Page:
Primer

A dentin treatment which allows it to bond to composite materials similarly to enamel.

Procera Crowns

The newest type of all porcelain crown. Less grinding of the tooth is necessary. The model of the preparation is optically scanned and modemed to Sweden, where the coping, or part that actually fits against the tooth is made. The coping is air-expressed back to our dental laboratory, where the esthetic porcelain and function are engineered to our specification. The fit on these crowns is of perfectionist quality, and the esthetics are unmatchable.

Prophy

see Prophylaxis.

Prophylaxis

A routine cleaning for healthy teeth and gums. Does not involve any type of more intensive gum therapy or deeper cleaning.

Pulp

The technical name for the “nerve” inside the tooth; actually contains a nerve, an artery, a vein, a lymphatic drainage, and some primordial cells.

Pulp Cap

Covering an exposed or nearly exposed nerve with a palliative material prior to filling the tooth.

Pulp Test

(See Vitality Test)


Q –


R –

Radiographs

Dental “x-rays” that allow for careful diagnosis of the tooth roots, the pulp, the bone surrounding the teeth, and to diagnose cavities in areas that can’t be seen inside the mouth with direct vision. The dosage of radiation is quite small compared to other types of radiographs. It would take over five hundred dental radiographs to equal the exposure recieved in one chest x-ray. A full mouth series of radiographs is about the same exposure recieved from four hours of sunshine. A panoramic radiograph is about the same exposure as only three of the small dental radiographs. Finally, the newer digital radiographs use a radiation exposure of about 10% that of conventional dental radiographs!

Recession


S –

SBE

Subacute Bacterial Endocarditis is an infection of the valve and muscle tissue inside the heart. Patients with certain conditions are prone to this type of infection and must premedicate with prescribed antibiotics prior to most dental treatments.

Sealants

A protective coating painted into the grooves on the biting surface of back teeth susceptible to decay. The ADA recommends sealants for all back teeth as soon as they grow into the mouth. Prevents cavities for adults too. Lasts for an average of seven years. Very easily placed with no discomfort.

Sensitivity

Discomfort in a tooth caused by touch, sweet, hot, cold, biting pressure, or releasing pressure. Causes differ according to the symptoms. Sometimes sensitivity passes instantly; other times the discomfort lingers for minutes or hours after the stimulation. When you have this, try to be able to characterize the symptoms as much as possible and be able to identify the offending tooth.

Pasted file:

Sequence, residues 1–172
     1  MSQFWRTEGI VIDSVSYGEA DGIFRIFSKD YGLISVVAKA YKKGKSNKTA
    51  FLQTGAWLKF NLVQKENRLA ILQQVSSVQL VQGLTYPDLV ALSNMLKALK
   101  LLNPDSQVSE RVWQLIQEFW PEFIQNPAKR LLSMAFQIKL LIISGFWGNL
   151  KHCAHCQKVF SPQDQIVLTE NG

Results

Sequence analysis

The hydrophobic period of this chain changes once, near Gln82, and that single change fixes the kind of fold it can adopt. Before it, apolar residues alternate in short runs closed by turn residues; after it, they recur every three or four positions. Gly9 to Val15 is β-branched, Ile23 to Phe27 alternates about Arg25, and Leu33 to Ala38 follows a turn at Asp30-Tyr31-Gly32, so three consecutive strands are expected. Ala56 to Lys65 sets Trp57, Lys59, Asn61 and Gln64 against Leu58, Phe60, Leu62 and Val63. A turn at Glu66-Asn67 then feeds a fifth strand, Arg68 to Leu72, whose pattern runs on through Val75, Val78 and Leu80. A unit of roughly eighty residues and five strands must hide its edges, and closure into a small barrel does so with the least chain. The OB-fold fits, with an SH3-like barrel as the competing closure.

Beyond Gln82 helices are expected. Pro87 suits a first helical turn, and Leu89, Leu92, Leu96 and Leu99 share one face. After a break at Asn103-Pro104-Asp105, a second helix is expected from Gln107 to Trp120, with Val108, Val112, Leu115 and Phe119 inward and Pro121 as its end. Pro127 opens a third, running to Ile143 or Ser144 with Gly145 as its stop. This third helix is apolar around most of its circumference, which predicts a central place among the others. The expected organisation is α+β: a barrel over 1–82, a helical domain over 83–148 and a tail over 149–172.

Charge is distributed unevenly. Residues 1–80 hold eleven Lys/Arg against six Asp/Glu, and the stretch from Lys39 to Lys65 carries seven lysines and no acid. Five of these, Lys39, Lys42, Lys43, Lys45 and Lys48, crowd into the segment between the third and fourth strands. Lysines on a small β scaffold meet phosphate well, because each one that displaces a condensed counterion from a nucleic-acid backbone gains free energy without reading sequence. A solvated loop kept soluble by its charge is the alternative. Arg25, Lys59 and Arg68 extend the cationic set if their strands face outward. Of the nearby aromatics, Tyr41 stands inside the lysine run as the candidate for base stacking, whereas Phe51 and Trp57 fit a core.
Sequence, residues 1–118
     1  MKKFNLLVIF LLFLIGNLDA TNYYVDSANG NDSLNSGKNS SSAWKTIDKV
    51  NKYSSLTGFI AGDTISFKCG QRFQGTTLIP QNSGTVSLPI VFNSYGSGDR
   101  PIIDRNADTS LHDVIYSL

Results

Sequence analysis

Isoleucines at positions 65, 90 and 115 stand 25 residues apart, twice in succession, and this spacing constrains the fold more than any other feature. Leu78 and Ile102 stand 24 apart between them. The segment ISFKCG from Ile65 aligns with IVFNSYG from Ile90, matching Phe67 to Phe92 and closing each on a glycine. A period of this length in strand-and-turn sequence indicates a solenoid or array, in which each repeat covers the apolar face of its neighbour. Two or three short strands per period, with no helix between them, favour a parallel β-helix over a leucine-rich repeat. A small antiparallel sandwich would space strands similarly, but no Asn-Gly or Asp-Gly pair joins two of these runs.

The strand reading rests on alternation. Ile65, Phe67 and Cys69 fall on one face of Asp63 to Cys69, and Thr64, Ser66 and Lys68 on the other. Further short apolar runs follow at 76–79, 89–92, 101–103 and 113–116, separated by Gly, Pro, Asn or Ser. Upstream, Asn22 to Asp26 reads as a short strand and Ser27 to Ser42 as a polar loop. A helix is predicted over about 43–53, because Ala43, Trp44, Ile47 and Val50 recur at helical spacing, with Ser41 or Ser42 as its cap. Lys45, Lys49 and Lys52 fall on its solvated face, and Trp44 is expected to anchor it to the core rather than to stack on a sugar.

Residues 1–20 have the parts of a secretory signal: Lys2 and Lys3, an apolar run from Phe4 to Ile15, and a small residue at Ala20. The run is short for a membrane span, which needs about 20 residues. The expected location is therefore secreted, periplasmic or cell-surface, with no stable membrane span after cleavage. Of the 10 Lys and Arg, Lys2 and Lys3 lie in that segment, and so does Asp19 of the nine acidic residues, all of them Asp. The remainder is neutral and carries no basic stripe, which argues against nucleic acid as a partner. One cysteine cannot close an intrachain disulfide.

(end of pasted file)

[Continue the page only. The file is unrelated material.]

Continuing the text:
Shingles

see Zoster.

Sinuses

Membrane lined, air filled cavities in our skulls above our upper teeth, between our eyes, and between our eyebrows. Sinus infections are a common source of facial pain and headaches. Can be confused with pain from upper back teeth. You can have a sisnus infection and still be able to breathethrough your nose.

Sinusitis

Infection in the sinus cavities, of which we have four in our skulls. The largest of the sinuses is the maxillary sinus, located just above the roots of the upper molars. A pressure cousing infection in this area can be mistaken for tooth pain. Maxillary sinusitis is sometimes characterised by pain in the jaw or face that changes when you lean over, lay down, or stand up. It can literally cause pain with every footstep.

Sinus Lift

A special type of bone graft to augment the quantity and quality of bone available for upper dental implants. Sinus lift surgery often allows us to place implants in areas that were thought to be impossible not long ago. Depending on the situation, the sinus lift may have to be done as a separate procedure to the implant placement, and may require six months or more of healing. Smoking greatly lowers the success rate of this procedure.

Sjogren’s Syndrome

An autoimmune disease characterized by dryness of the mouth, eyes, and other mucous membranes. The dry mouth can be very uncomfortable and allow serious problems with cavities that progress quickly.

Stainless Steel Crowns

Silver colored crowns often used to restore heavily damaged baby molars. A very sturdy restoration, and the teeth are shed normally in most cases. Also used as interim restorations for adult molars when a permanent crown isn’t feasible at the time.

Study Models

Plaster models of teeth used for explanations, treatment planning, mock treatments and waxups.

Surgical Extraction

Extraction of a tooth whereby an incision and sutures are necessary, and/or the tooth is more safely and comfortably removed in pieces.

Sweet Air

see Nitrous Oxide.


T –

Tartar

see Calculus.

Trenchmouth

see ANUG.


U –


V –


W –

Wear Facet

Flat areas on teeth or restorations caused by grinding or bruxism.

Whitening

Causing the teeth to appear brighter by applying certain medicaments. Can be done at home. Not a permanent treatment, it lasts for six to twelve months, and is easily maintained or retreated.

Wisdom Tooth

see Third Molar.


X –

Xerostomia

Dry mouth, which can be caused by disease, aging, radiation therapy, and many medications.

X Rays

see Radiographs.


Y –


Z –

Zoster

A viral infection secondary to the chicken pox virus, or Varicella. Shingles, as a Zoster outbreak is called, is characterized by a painful outbreak in a well demarkated area of the body, such as one side of the palate.